Sierra Leone Telegraph: 29 July 2017
The UN Sustainable Development Goals (SDGs) is a laudable approach to enhance a people-centred development and the relief of poverty.
As a continuation of the policies enshrined in its predecessor – the Millennium Development Goals, the SDGs now include a vital missing link that affects the lives of every citizen – the need for improved transport safety.
Goal 3 focuses on healthy life and the promotion of well-being for all ages. In sub paragraph 3.6, the target is that “By 2020, Member States should halve the number of global deaths and injuries from road traffic accidents”.
This should be considered alongside other major priorities, including maternal mortality, AIDS and universal health coverage in the Health Goal.
Road accident and injuries is a major impediment to sustainable development because of the associated costs of the demand on an over-stretched and under- funded health care system; loss of production – since it affects the economically active population the most; and damage to expensive road infrastructure that was provided through long -term loans from development partners, and the high cost of insurance for existing transport owners and operators.
Goal 11 is to make cities and human settlement inclusive, safe and sustainable. Sub paragraph 11.2 further sets a target to provide access to safe, affordable, accessible and sustainable transport systems for all; improving road safety, notably by expanding public transport, with special attention to the needs of those in vulnerable situations, women, children, persons with disabilities and older persons by 2020.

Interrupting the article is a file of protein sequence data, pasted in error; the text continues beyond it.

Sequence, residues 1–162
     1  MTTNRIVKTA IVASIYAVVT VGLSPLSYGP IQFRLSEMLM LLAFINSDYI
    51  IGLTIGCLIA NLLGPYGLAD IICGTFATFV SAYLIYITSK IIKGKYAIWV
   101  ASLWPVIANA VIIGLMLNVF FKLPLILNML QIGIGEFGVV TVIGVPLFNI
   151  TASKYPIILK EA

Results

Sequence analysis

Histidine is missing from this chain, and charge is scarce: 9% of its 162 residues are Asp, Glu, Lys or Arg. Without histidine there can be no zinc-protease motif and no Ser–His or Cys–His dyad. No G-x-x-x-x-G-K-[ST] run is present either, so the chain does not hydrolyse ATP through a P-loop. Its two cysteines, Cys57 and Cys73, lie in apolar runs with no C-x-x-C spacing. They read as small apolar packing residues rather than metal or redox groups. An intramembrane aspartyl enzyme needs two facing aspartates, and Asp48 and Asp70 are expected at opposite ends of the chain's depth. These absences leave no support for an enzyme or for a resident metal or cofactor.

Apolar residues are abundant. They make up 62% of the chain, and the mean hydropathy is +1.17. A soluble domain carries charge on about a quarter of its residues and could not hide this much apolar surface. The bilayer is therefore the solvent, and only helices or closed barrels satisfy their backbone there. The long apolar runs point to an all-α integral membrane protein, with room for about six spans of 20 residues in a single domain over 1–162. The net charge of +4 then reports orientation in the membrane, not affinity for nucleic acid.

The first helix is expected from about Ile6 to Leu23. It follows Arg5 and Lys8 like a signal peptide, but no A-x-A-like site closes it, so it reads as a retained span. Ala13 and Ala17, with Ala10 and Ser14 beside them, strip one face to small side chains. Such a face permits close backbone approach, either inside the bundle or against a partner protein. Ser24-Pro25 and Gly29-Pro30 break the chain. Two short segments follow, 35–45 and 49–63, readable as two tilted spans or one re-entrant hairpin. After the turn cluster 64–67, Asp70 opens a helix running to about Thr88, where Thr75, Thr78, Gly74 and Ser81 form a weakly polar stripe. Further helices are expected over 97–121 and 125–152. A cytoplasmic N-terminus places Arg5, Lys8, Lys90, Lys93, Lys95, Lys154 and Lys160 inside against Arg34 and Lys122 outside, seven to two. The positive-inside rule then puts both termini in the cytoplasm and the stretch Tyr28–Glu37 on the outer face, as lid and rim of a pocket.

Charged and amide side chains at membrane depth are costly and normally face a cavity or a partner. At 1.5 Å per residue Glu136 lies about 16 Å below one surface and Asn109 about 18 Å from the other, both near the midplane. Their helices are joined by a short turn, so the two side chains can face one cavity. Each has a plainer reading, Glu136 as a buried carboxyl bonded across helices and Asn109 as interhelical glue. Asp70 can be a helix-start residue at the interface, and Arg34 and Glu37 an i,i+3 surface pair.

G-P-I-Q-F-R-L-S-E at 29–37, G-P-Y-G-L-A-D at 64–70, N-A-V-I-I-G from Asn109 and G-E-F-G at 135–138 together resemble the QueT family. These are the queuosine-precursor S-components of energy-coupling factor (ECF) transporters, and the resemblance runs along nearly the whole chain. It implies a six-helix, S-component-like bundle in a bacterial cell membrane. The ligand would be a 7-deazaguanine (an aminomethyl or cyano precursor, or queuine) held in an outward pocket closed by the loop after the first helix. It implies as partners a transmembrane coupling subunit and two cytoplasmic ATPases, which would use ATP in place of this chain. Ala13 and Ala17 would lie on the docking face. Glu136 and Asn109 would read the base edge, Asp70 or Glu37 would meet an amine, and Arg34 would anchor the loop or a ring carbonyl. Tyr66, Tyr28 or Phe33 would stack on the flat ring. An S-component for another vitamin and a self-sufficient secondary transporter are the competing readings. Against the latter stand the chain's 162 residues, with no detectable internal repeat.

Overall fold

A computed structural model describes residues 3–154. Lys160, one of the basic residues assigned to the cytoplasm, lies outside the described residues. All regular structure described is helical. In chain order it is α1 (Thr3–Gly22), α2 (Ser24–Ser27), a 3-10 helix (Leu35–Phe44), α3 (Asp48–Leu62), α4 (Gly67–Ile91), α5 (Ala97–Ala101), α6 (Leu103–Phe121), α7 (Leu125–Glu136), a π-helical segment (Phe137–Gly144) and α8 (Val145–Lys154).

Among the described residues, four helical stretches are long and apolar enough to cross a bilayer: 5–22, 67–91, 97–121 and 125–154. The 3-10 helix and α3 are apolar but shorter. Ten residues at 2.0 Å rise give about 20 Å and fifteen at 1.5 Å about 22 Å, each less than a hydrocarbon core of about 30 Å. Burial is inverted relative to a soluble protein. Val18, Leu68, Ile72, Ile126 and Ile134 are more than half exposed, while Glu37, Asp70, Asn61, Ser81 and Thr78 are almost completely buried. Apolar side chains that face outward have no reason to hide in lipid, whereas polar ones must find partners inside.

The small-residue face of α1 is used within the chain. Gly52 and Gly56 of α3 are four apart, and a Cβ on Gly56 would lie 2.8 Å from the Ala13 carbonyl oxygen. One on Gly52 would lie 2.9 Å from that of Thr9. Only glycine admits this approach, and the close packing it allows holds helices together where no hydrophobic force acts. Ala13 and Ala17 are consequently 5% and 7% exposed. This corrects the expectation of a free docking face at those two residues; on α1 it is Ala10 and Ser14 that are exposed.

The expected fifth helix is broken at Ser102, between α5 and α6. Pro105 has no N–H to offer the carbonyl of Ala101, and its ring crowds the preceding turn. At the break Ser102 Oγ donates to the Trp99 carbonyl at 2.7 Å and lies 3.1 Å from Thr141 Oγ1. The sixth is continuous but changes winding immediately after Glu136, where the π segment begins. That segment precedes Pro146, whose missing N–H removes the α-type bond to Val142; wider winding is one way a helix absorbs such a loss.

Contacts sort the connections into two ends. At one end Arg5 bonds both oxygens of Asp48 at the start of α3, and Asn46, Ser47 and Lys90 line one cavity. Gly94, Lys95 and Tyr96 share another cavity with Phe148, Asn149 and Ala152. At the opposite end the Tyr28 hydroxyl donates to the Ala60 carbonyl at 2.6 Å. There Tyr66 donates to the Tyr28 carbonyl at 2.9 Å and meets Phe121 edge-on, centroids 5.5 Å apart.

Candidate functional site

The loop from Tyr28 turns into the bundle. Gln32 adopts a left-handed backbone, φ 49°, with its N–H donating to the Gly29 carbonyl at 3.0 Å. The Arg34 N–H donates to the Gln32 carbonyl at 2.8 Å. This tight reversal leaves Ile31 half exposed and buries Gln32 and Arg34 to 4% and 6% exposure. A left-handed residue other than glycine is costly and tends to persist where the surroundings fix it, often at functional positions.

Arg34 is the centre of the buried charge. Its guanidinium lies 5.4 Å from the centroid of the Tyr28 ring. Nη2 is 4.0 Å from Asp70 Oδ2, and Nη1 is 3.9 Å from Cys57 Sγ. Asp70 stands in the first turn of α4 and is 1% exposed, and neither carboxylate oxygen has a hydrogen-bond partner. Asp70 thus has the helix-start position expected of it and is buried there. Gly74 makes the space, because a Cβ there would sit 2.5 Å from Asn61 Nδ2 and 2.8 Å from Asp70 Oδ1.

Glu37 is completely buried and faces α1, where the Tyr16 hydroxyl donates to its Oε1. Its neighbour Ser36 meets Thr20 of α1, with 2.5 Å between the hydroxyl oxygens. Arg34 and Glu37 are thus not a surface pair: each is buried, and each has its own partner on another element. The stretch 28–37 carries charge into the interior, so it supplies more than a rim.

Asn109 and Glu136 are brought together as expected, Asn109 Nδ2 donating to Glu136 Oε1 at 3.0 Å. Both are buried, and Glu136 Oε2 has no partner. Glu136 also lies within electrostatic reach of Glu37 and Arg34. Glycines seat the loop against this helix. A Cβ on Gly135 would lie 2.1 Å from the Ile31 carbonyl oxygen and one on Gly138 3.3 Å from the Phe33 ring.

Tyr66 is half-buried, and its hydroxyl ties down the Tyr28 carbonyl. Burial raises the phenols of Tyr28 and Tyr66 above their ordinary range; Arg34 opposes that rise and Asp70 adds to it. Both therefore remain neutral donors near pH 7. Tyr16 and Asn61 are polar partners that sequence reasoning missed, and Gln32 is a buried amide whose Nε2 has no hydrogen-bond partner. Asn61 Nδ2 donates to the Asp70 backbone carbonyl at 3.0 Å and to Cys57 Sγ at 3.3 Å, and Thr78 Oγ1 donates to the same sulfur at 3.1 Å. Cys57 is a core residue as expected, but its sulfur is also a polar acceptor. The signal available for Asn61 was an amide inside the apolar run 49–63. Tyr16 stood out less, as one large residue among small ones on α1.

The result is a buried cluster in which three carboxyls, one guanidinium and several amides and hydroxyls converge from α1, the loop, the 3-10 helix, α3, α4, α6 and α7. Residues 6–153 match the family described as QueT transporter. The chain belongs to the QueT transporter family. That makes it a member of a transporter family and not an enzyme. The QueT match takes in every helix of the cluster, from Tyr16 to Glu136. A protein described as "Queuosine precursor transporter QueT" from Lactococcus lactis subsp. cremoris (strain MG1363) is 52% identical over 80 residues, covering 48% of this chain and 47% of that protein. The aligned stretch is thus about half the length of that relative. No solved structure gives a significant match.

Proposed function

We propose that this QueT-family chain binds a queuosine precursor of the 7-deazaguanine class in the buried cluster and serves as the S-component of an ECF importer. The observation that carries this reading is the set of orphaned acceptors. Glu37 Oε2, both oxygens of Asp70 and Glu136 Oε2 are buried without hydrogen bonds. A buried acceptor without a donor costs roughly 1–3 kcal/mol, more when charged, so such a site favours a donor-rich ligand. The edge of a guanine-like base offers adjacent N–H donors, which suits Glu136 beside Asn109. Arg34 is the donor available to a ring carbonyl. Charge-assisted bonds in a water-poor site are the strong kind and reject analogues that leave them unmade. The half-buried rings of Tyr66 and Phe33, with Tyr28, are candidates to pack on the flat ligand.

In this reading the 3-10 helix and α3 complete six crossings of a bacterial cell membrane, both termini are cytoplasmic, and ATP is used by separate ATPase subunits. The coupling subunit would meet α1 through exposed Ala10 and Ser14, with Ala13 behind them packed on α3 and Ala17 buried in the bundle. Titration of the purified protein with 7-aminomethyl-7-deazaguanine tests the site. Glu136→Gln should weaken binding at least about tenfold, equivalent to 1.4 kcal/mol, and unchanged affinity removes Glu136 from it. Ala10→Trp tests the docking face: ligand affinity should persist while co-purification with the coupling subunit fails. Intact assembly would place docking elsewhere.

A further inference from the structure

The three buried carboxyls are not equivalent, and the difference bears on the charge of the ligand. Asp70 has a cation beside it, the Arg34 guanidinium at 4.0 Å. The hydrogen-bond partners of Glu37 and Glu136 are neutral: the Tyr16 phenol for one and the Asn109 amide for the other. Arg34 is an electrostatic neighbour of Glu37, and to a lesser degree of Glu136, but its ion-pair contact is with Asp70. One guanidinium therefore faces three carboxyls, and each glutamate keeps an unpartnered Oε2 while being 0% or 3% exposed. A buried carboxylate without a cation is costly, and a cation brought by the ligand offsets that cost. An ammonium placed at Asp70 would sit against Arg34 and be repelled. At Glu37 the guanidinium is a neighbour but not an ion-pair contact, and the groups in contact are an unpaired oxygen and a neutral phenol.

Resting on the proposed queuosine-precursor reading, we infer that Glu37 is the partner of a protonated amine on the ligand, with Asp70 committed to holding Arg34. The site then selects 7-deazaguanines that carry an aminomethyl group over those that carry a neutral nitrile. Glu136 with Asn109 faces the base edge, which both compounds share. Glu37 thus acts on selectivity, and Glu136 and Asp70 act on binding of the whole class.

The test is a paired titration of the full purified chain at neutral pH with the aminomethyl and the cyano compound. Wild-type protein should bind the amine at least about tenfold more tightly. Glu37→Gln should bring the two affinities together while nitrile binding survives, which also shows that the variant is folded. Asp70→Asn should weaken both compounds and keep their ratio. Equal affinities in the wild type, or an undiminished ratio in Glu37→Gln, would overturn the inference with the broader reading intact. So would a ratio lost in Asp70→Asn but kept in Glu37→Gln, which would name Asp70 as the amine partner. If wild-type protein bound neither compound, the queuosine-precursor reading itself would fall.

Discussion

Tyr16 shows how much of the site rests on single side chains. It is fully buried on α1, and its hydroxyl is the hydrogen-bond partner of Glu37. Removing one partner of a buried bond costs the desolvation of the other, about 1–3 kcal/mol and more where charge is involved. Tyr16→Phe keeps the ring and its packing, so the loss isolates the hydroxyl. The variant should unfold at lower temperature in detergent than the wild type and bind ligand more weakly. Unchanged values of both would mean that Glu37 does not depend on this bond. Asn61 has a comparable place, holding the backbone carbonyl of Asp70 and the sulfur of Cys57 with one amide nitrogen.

The aforementioned goals are critical to the improvement of our economy, enhance social inclusion and provide much needed employment for the youths.
The transport sector is the unemployment safety net of most developing countries, Sierra Leone included – Okada/Kekeh Riders, taxi drivers, mechanics and even unofficial parking attendants in Freetown would not have been able to earn a living without the existence of this important but neglected sector.
In Europe and indeed the UK – my adopted home, we have laws about transporting animals in a humane manner. But the same cannot be said of our passenger transport system in Sierra Leone and in most African countries.
Our cities are becoming inaccessible and clogged up because of the growing population and the subsequent lack of affordable and safe transportation system.
Important though most of the SDGs are, the neglect of our transport system and the failure to cater for needs of the vulnerable in society such as the elderly, women, children and people with mobility challenges is both an equity and a development issue.
I will conclude with a quote from one of Africa’s Founding Fathers – Mwalimu Julius Nyerere. He said: “Others have been to the moon while we Africans are still struggling to reach our villages”. This is a very apt observation and a clarion call for our leaders to meet the targets set by Goals 3 and 11 of the SDGs.
About the author
Victor Mengot is a Road Safety Consultant and a Chartered Member of the Institution of Highways and Transportation.